Government asks Law Reform Commission to report on legality of economic sanctions

Monday 22 July 2013 23.17
The Government is also asking the Law Reform Commission to examine and report on mechanisms for compliance and enforcement
The Government is also asking the Law Reform Commission to examine and report on mechanisms for compliance and enforcement

The Government is to ask the Law Reform Commission to report on legal difficulties surrounding the imposition of sanctions for enforcement of economic regulation.

The Government has issued a new policy statement on economic regulation.

It says efforts to introduce administrative sanctions for enforcement and compliance similar to those seen in other jurisdictions are "severely restricted by the Constitutional provisions around the administration of justice".

It also states that this issue is becoming increasingly problematic when it comes to transposing EU law in Ireland.

The Government is also asking the Law Reform Commission to examine and report on mechanisms for compliance and enforcement.

As part of the new strategy, ministers will also be mandated to conduct a review of regulation of energy, water, aviation and other sectors every seven years.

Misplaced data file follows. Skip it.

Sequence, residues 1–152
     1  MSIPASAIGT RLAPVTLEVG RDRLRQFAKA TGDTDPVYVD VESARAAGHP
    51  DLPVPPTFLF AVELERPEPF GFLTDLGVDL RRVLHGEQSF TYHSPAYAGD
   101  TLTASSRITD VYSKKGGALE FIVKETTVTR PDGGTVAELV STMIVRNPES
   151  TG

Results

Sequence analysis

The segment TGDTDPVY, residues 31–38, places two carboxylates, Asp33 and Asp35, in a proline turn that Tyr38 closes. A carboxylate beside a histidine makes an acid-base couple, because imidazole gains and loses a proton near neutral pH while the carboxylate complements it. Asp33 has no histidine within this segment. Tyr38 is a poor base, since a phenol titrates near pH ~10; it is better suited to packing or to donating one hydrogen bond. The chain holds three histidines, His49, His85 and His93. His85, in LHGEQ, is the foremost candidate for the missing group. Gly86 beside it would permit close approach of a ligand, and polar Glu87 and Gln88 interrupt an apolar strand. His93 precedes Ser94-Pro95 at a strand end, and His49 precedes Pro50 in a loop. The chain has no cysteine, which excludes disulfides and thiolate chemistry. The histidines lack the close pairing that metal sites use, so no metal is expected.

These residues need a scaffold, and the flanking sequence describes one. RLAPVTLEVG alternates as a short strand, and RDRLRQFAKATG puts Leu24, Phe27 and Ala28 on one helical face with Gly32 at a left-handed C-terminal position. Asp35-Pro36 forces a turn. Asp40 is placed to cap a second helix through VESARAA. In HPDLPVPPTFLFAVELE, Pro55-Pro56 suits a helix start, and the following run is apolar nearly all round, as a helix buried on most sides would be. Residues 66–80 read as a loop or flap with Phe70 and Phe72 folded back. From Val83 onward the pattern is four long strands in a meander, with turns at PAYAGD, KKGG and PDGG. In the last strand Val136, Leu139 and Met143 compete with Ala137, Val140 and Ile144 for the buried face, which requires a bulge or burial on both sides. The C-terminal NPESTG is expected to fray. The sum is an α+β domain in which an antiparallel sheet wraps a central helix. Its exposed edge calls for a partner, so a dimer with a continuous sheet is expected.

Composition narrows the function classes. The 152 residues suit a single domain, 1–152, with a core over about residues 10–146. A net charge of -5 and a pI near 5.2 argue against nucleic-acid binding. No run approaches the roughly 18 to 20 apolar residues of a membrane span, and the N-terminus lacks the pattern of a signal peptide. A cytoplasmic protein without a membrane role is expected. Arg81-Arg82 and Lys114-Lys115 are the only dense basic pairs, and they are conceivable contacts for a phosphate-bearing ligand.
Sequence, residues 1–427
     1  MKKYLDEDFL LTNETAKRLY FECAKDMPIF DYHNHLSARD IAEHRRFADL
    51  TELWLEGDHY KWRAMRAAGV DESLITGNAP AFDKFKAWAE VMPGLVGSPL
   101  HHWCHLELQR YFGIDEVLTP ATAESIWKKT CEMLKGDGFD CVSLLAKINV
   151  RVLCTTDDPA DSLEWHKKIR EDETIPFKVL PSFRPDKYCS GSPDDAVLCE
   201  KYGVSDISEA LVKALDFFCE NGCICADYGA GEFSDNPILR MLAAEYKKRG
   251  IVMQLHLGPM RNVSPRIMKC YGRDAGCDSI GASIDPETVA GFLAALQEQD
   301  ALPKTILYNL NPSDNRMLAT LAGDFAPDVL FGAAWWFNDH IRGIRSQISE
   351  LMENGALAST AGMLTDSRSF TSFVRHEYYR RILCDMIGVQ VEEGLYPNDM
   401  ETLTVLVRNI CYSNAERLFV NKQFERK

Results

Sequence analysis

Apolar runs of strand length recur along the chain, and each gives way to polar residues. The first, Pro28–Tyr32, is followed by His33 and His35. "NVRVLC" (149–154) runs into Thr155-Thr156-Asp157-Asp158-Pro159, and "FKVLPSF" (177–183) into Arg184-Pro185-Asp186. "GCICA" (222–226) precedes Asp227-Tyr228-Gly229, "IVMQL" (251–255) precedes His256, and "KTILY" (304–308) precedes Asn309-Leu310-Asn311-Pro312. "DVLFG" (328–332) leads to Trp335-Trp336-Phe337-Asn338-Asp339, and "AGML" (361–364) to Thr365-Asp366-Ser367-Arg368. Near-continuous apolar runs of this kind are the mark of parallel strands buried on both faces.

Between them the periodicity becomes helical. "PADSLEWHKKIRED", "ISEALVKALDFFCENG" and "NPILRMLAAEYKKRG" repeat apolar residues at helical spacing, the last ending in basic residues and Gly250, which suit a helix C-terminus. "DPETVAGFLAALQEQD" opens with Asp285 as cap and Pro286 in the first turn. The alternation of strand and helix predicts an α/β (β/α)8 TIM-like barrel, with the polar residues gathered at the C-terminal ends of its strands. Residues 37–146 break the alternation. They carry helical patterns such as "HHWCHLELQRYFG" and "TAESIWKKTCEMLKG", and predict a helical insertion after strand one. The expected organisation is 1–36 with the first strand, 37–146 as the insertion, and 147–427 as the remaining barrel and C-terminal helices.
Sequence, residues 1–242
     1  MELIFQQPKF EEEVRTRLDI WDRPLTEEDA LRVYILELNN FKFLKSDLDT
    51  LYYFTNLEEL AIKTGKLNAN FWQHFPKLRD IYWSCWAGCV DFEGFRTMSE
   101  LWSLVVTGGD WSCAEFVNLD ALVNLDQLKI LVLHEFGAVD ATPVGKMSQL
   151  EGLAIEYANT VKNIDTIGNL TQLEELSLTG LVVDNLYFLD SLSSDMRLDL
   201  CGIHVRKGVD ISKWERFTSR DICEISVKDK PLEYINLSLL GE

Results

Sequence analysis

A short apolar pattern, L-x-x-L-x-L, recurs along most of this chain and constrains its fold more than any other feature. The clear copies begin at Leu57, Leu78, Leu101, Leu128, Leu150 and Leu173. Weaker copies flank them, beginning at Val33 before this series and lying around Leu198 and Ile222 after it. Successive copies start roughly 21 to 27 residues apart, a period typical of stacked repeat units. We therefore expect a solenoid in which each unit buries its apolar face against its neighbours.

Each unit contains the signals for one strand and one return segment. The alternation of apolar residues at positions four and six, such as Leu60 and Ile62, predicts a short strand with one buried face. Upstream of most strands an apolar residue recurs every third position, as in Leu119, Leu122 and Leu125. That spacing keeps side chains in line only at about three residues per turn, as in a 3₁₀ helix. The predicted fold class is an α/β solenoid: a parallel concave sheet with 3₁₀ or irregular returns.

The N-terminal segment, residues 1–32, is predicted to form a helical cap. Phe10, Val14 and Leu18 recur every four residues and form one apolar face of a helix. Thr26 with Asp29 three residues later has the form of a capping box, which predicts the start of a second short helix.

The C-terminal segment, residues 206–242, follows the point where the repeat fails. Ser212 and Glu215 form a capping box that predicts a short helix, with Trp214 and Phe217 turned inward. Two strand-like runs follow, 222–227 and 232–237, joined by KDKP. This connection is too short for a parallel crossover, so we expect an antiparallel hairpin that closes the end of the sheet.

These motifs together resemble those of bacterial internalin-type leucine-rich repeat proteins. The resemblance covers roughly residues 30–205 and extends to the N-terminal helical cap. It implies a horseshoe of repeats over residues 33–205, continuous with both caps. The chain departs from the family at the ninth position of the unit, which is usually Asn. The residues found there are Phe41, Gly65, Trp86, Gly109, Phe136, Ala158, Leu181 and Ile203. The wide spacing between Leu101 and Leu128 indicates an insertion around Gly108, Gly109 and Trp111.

In addition, economic regulators will have to produce strategy statements at least every three years, as well as output statements and annual reports.

According to the strategy, the Government views the promotion of the consumer interest and national competitiveness as key national objectives to be prioritised by sectoral departments.

The framework defines "consumer interest" as meaning providing business and residential end users with sustainable, competitively priced access to quality services, while also providing a sustainable level of long-term investment.

The core principles for economic regulation will include effectiveness, predictability, accountability and transparency, and will aim to prioritise and balance national and sectoral level objectives.

The new framework will also allow the Government to set national policy objectives, while allowing relevant departments to establish a hierarchy of objectives that must then be implemented.

The statement notes that different regulatory sectors have different appeals mechanisms, saying little consensus emerged during the consultation process on the type of reform required.

It says ministers and their departments will have lead responsibility for the implementation of the components of the strategic framwork for economic regulation relating to their sector.

The new Government strategy also aims to drive further efficiencies by increased use of shared services.

It highlights the need to build expertise within regulatory bodies through training and other measures.